Russian bots are sharing extreme right-wing information on Twitter after Charlottesville.

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Violent-Clashes-Erupt-at-Unite-The-Right-Rally-In-Charlottesville
Hundreds of white nationalists, neo-Nazis, KKK, and members of the “alt-right” march at the “Unite the Right” rally in Charlottesville, Virginia.

Chip Somodevilla/Getty Images

Although the recent events in Charlottesville happened 5,000 miles from Moscow, Russia didn’t sit this one out. As has become almost routine after every polarizing U.S. political event in the past 12 months, online Russian propagandists quickly got involved. This time around, they took to Twitter with an army of bots to promote and share extremist right-wing tweets and disinformation.

The Alliance for Securing Democracy, a project of the German Marshall Fund that tracks efforts to undermine democratic governments, monitors a collection of 600 Twitter accounts that are known to be linked to Russian influence, including openly pro-Russian users, accounts that take part in Russian disinformation campaigns, and automated bot accounts that parrot Russian messaging. They found these accounts busy at work in the days after Charlottesville. “PhoenixRally,” “Antifa,” and “MAGA” were among the most common hashtags used by these accounts this week. One of the central themes shared by the Russian-linked accounts after Charlottesville was an accusation, propagated by both the Russian news agency Sputnik and American far-right media personality Alex Jones, that the left-leaning philanthropist George Soros had supported the counterprotesters.

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One example of a likely bot was an account under the name Angee Dixson, opened on Aug. 8, the Tuesday before the Charlottesville rally started, as reported by ProPublica. Described in her Twitter bio as a conservative Christian, Angee sent about 90 tweets out a day, in which she vigorously defended President Trump’s response to the rally and shared pictures that allegedly showed violence on the part of counterprotesters in Charlottesville. The account has now been shut down.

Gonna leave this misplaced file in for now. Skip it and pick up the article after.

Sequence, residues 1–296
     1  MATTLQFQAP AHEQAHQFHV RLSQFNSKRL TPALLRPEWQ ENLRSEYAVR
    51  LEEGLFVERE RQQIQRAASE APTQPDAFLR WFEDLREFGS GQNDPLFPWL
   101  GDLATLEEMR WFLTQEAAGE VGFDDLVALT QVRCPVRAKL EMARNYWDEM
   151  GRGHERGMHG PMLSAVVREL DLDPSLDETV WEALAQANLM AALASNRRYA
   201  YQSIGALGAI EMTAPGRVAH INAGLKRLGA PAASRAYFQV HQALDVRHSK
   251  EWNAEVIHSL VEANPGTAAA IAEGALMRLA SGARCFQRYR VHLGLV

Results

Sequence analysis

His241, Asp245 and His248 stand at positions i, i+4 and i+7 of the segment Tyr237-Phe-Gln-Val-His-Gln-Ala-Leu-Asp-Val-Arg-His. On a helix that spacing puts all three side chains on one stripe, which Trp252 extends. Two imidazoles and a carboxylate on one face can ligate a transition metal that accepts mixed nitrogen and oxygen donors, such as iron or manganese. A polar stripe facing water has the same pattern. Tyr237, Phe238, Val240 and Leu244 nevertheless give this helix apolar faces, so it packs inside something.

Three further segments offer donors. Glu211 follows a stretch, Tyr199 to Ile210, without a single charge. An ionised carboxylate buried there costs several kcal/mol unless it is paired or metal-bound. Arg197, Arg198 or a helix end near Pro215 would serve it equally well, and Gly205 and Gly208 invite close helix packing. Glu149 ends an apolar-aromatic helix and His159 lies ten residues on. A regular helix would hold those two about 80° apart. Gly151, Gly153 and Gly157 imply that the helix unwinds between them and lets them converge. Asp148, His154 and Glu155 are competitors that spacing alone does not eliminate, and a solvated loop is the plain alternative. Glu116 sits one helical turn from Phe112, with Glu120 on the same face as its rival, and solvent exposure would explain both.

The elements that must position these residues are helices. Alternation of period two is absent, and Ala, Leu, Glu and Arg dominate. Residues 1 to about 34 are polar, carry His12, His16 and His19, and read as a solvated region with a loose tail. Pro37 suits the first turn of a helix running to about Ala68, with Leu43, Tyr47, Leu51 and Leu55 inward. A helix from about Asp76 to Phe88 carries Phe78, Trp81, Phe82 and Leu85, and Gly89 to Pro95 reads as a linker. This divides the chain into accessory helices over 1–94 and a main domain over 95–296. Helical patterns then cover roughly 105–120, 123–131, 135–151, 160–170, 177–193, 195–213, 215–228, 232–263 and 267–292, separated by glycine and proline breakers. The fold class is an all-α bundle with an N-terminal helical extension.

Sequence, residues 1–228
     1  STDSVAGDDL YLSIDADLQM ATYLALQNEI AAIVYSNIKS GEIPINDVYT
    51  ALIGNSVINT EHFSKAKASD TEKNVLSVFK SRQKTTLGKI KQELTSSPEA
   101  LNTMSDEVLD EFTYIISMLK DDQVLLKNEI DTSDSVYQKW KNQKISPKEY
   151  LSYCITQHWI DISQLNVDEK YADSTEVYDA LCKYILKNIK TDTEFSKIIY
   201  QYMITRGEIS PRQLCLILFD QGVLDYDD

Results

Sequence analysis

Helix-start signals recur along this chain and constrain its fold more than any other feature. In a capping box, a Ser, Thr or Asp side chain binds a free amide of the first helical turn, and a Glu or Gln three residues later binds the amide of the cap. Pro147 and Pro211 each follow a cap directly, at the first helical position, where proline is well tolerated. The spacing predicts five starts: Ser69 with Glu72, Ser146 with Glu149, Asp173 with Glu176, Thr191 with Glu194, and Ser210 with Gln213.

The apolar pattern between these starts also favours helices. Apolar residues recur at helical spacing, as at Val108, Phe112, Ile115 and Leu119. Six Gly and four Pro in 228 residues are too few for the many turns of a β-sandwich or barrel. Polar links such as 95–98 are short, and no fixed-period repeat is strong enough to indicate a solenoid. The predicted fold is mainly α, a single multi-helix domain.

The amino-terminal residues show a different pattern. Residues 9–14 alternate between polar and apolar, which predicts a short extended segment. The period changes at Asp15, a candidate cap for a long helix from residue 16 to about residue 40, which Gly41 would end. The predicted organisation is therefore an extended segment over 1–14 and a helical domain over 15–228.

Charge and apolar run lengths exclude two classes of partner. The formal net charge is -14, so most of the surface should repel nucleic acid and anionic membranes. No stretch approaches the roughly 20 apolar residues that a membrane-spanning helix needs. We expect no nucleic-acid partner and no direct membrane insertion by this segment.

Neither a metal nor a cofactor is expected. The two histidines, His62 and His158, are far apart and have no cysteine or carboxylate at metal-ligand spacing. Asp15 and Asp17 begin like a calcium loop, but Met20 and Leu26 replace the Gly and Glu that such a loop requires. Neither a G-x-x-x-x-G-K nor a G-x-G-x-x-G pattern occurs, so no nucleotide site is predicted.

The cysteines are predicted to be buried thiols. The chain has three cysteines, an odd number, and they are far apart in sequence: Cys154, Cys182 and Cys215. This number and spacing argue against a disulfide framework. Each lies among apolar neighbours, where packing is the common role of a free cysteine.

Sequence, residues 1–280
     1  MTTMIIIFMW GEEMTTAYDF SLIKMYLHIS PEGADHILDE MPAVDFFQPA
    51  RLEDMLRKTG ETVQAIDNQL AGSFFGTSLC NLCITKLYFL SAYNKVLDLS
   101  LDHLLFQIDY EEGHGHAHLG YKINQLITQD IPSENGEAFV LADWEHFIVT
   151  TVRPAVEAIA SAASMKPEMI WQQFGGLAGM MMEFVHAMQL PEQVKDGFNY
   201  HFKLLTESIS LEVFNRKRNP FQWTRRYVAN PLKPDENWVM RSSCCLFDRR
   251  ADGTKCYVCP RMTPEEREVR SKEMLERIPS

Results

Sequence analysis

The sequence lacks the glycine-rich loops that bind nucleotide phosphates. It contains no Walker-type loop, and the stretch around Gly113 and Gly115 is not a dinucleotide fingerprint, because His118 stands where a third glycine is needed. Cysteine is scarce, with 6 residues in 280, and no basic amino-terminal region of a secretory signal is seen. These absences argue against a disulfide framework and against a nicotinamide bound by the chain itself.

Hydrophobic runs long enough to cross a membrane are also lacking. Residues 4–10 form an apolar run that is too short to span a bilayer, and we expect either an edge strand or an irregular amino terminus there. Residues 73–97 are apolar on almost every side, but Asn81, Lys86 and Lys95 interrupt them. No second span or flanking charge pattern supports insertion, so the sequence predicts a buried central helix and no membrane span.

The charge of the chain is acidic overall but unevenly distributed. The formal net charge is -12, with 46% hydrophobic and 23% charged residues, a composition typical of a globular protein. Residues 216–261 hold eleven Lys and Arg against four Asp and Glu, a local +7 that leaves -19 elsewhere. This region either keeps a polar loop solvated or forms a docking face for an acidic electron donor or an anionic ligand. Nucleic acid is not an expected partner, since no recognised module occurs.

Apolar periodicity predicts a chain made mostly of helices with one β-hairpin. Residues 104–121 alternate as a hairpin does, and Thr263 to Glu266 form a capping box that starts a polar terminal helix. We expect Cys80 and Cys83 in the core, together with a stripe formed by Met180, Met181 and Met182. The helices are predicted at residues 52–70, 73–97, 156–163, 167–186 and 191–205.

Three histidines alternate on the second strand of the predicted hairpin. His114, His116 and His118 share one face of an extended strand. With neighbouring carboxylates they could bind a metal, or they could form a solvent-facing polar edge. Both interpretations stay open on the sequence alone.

“BUSTED! Craigslist Ad Exposes Firm Hiring #AltLeft “Protesters” for $25/Hr,” read one of Dixson’s tweets. That was one of five tweets she sent in one minute, according to the archive link of her account. All those tweets contained links that had been shortened using a URL shortener, which usually requires going to a separate website to enter the URL and generate a new link, and that takes time. The tremendous speed with which Dixson was able to send her tweets indicates that Angee Dixson was most likely an automated bot, not a real human. Even the account’s profile picture was stolen: ProPublica linked it to a photo of a model that at one point was rumored to have dated Leonardo DiCaprio. Though it’s hard to directly link any one bot to its source, “Angee’s” tweets were reported to use similar language from Russian government–backed outlets Sputnik and RT.

The same Russian social media machine that blanketed Twitter with pro-Trump posts during the 2016 presidential election were reportedly at work after Charlottesville, too. Bots were weaponized during the presidential debates to give a false impression of a groundswell of grass-roots support for Trump. Bots sharing pro-Trump–related content outnumbered pro-Clinton bots by 7 to 1 during the third debate between the Hilary Clinton and Donald Trump, according to research from Oxford University’s Project on Computational Propaganda. In the timespan between the first and second debates, more than one-third of the pro-Trump tweets were found to came from automated bot accounts.

Bots also showed up in the days before this year’s French election, when the campaign of the winning candidate Emmanuel Macron reported it was the victim of a massive email hack. The documents spread like wildfire across Twitter, but it was soon reported that an overwhelming number of the tweets spreading news of the hack were from bots. About 40 percent of the tweets containing #MacronGate were found to be actually coming from only 5 percent of accounts using the hashtag. That tremendous amount of activity from such few accounts is usually a clear sign that humans aren’t the ones doing the tweeting. One account reportedly tweeted 1,668 times in 24 hours, or more than one tweet per minute with no sleep. Unless that account was manned by three people who don’t take bathroom breaks, that was probably a bot. Though, again, it’s incredibly difficult to tell how much of this bot traffic can be linked directly to Russia, but there is evidence that it was Russia was behind the Macron campaign hack. In April, the cybersecurity firm Trend Micro found that the same Russian government–linked hacking group behind the infiltration of the Democratic National Committee also targeted the Macron campaign with email phishing attempts and malware.

Bots are becoming a staple of social media as Western countries find themselves embroiled in polarized political debates. Trump’s Twitter followers, after all, are about 59 percent bots or fake accounts, according to TwitterAudit, a website that measures the authenticity of Twitter followers. All of which goes to show that retweets, likes, trending hashtags, and followers shouldn’t be taken as a strong indication of public opinion—and moreover, that virality is hardly a demonstration of genuineness.

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